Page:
National Geographic is trying to reckon with its racist past

National Geographic is finally reckoning with its “racist” coverage of people of color

National Geographic is finally reckoning with its “racist” coverage of people of color

The April National Geographic issue will be focused on race, and editor-in-chief Susan Goldberg writes that, in order to do justice to the topic, the magazine will have to face up to its own shortcomings. National Geographic wasn't teaching as much as reinforcing messages they already received and doing so in a magazine that had tremendous authority.

John Edwin Mason, a historian of photography at the University of Virginia, found ethnic minorities were ignored in its coverage of the United States unless they were servants or labourers.

Its coverage of race matters, according to Goldberg.

National Geographic was one of the first advocates of using colour photography in its pages, and is well known for its coverage of history, science, environmentalism and the far corners of the world. She wrote that her background makes her "a member of two groups that also once faced discrimination here". "But when we chose to devote our April magazine to the topic of race, we thought we should examine our own history before turning our reportorial gaze to others".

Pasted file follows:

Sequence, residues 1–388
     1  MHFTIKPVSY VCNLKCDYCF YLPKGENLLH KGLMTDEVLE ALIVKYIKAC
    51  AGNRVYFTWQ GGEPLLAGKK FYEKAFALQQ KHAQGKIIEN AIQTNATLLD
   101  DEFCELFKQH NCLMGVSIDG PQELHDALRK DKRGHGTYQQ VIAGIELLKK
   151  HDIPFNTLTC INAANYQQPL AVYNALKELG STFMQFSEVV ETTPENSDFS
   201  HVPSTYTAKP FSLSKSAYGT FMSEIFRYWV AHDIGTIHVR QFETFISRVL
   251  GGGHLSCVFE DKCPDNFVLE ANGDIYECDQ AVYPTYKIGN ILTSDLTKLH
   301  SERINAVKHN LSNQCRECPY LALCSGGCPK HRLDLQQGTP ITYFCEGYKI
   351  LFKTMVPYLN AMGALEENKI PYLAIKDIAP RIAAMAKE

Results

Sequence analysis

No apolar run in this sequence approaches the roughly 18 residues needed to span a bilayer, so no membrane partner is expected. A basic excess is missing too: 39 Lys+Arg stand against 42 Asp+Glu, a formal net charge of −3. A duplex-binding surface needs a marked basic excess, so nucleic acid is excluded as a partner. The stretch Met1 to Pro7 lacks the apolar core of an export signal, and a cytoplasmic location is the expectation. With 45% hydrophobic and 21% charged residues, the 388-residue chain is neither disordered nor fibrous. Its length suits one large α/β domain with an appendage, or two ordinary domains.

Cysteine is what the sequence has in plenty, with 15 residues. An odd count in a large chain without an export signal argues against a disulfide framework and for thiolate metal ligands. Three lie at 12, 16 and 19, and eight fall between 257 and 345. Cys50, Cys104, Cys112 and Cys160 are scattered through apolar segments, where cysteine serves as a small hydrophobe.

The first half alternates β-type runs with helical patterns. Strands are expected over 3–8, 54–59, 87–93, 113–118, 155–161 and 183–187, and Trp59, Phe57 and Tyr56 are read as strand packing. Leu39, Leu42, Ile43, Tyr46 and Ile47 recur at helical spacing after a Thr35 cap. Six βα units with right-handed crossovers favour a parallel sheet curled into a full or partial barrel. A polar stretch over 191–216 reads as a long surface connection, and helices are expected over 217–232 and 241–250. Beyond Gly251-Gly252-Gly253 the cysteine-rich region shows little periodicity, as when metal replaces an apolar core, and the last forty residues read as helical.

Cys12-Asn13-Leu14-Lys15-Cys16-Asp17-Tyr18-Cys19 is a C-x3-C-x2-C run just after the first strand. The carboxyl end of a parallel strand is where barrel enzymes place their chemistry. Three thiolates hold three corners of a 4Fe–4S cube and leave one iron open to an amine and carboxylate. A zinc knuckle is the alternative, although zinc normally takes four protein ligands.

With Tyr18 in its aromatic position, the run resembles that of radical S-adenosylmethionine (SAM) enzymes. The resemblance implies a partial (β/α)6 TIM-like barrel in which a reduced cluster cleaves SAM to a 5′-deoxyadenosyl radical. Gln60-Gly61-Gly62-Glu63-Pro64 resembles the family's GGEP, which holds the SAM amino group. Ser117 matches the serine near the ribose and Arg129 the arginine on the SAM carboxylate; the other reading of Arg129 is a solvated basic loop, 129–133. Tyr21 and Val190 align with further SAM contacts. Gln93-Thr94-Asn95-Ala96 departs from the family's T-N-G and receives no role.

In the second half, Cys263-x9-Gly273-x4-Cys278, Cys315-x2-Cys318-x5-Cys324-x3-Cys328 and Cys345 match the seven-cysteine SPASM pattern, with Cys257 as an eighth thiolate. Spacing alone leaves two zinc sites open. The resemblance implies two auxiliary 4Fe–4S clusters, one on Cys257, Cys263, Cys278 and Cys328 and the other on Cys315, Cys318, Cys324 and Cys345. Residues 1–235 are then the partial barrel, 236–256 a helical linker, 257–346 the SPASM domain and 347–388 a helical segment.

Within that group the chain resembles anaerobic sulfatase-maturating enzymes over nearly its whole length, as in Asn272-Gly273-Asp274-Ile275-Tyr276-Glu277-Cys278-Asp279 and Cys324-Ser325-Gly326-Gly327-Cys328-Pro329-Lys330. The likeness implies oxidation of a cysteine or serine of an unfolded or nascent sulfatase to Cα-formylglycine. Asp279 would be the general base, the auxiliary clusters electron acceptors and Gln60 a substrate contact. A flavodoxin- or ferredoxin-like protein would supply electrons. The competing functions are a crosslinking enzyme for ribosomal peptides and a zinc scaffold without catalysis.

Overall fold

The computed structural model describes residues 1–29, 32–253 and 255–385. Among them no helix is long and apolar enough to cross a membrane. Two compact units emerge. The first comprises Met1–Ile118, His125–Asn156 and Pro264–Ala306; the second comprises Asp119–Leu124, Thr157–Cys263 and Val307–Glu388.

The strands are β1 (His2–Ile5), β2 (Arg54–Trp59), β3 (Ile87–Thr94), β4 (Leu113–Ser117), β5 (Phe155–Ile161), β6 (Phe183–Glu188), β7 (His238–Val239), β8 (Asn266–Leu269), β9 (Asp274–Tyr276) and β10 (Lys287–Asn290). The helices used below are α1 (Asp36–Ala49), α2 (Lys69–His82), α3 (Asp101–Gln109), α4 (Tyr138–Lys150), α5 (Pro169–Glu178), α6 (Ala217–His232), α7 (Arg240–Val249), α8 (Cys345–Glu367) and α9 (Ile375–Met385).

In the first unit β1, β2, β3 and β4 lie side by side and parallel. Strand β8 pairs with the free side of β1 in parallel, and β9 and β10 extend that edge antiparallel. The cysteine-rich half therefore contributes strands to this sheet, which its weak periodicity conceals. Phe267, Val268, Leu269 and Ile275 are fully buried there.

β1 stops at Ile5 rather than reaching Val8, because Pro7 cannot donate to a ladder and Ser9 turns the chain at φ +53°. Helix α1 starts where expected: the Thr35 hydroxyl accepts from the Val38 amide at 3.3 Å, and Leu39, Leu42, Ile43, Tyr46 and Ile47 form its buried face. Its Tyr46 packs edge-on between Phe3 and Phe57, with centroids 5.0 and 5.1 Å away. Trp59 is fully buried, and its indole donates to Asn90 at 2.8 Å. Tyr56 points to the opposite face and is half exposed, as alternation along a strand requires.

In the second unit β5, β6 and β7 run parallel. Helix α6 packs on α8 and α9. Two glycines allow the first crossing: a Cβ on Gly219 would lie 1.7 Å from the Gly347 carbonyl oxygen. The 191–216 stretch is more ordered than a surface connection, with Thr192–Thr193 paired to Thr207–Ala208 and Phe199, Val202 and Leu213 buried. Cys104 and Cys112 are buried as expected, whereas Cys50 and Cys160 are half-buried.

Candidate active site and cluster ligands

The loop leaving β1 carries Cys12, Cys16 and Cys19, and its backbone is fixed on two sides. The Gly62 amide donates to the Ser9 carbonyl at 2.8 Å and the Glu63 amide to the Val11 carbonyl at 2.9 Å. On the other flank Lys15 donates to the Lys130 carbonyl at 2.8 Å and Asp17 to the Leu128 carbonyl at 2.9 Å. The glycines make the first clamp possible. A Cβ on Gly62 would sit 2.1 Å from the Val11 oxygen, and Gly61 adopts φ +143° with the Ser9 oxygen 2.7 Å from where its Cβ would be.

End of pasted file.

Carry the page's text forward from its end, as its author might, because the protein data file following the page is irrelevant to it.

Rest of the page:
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Ms Goldberg said some of the magazine's archive material left her "speechless", including a 1916 photo of Australian Aborigines with the caption "South Australian Blackfellows: These savages rank lowest in intelligence of all human beings". In 1962, an essay was published on South Africa's Sharpeville massacre where policemen killed close to 70 black South Africans, many whom were shot as they were retreating.

"National Geographic's story barely mentions any problems", Mason said. "People of colour were often pictured as living as if their ancestors might have lived several hundreds of years ago and that's in contrast to westerners who are always fully clothed and often carrying technology". "It's weird, actually, to consider what the editors, writers, and photographers had to consciously not see".

It chose to re-examine its coverage to mark 50 years since civil rights leader Martin Luther King was murdered.

"It's also a conversation that is changing in real time: In two years, for the first time in U.S. history, less than half the children in the nation will be white", she wrote. "But it seemed to me if we want to credibly talk about race, we better look and see how we talked about race".

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